A principle of being a consumer in the US is getting the full value of what you pay for. A new report by Environment New York Shining Rewards: The Value of Rooftop Solar Power for Consumers and Society found that residential and commercial customers with solar arrays aren’t getting that value. It found they provide more benefits to the power grid, society and the environment than utilities reimburse them through net-metering programs.
Power utilities often argue that solar customers cost companies more than conventional consumers. They argue that they must subsidize the additional costs of fluctuating energy rates and infrastructure maintenance and establish additional service charges. In states like Nevada and Illinois utilities have attempted to reduce reimbursement rates for net-metering programs or eliminate them altogether.
However, a growing body of evidence, including the recent Environment New York report counters this thinking. The report evaluated 16 studies and the overwhelming majority, 12, found that the value of solar power exceeds the average residential electricity rate offered by net metering programs. The reports unanimously concluded that the average value of electricity produced by residential solar is around 16 cents per kilowatt hours while the average national electricity rate is about 13 cents per kilowatt hour. In other words: the utilities are underpaying solar customers for the value of the electricity they contribute back to the grid through net-metering programs.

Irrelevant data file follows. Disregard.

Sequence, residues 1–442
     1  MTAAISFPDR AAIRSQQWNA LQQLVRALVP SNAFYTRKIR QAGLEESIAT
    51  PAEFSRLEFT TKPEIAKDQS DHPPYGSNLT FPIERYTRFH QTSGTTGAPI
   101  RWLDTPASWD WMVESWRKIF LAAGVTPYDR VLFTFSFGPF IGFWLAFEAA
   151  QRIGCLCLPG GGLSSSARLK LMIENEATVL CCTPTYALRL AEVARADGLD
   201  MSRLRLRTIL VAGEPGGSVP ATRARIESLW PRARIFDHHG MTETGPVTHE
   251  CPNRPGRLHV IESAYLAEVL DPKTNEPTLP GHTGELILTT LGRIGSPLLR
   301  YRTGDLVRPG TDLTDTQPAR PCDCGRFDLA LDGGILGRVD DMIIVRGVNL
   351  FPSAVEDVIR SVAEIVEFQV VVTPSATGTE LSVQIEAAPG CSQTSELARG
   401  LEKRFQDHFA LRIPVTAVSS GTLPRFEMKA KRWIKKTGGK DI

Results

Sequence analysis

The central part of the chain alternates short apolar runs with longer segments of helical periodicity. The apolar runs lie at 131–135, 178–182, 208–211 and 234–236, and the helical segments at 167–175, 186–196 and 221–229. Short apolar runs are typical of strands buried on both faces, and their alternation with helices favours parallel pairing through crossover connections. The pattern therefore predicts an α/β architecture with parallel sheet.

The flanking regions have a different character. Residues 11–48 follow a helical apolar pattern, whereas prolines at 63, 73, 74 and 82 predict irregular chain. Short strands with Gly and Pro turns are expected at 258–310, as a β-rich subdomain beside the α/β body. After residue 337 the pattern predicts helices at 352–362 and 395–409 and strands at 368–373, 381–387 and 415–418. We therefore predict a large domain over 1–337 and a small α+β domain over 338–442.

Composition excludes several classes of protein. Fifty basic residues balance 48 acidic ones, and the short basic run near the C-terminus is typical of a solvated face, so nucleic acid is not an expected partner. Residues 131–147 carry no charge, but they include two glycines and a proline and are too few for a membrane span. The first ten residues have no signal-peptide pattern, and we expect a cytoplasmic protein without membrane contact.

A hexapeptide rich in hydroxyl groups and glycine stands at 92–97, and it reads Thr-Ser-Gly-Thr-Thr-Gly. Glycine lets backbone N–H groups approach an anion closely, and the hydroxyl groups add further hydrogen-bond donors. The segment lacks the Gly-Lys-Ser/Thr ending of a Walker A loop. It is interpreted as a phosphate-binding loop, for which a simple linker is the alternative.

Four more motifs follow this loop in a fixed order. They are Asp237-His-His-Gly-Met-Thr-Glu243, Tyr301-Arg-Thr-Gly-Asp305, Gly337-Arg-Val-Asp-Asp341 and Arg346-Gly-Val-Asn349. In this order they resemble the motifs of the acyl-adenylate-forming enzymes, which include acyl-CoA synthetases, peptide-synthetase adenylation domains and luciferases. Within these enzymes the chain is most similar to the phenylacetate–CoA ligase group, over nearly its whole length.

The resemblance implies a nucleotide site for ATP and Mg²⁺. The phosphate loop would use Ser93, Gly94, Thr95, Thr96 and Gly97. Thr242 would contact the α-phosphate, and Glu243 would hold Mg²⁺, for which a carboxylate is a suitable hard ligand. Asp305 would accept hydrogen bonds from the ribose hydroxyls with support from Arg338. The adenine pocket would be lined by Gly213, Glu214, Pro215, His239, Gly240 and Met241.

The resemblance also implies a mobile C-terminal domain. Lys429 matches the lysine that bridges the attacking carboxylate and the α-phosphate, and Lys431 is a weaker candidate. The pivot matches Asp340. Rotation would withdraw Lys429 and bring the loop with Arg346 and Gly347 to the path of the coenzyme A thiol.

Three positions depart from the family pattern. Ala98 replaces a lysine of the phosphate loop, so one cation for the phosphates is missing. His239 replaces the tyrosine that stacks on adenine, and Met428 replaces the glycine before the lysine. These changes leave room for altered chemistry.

Net-metering programs have helped the rooftop solar industry quickly expand and thrive throughout the US in recent years. It enables customers to get a quicker return on their investment in solar by receiving credit for the excess power their rooftop solar arrays produce. A growing number of states, like Nevada, Vermont and Maine, have benefited from net-metering and it hasn’t cost utilities and other customers without solar more, according to a Brookings Institute report.
The Environment New York report contended that solar power production benefits society in a number of ways. It provides clean energy, reduces greenhouse emissions and invigorates local economies by creating job growth. It also showed that residential and commercial solar installations increase grid resiliency and stabilize market electricity prices.
"When value exceeds costs, everyone benefits through lower rates," said Karl R. Rábago, Pace Energy and Climate Center executive director and national expert in value of solar studies. "Utilities should start working with customers and regulators to make more solar and more savings happen."Tweet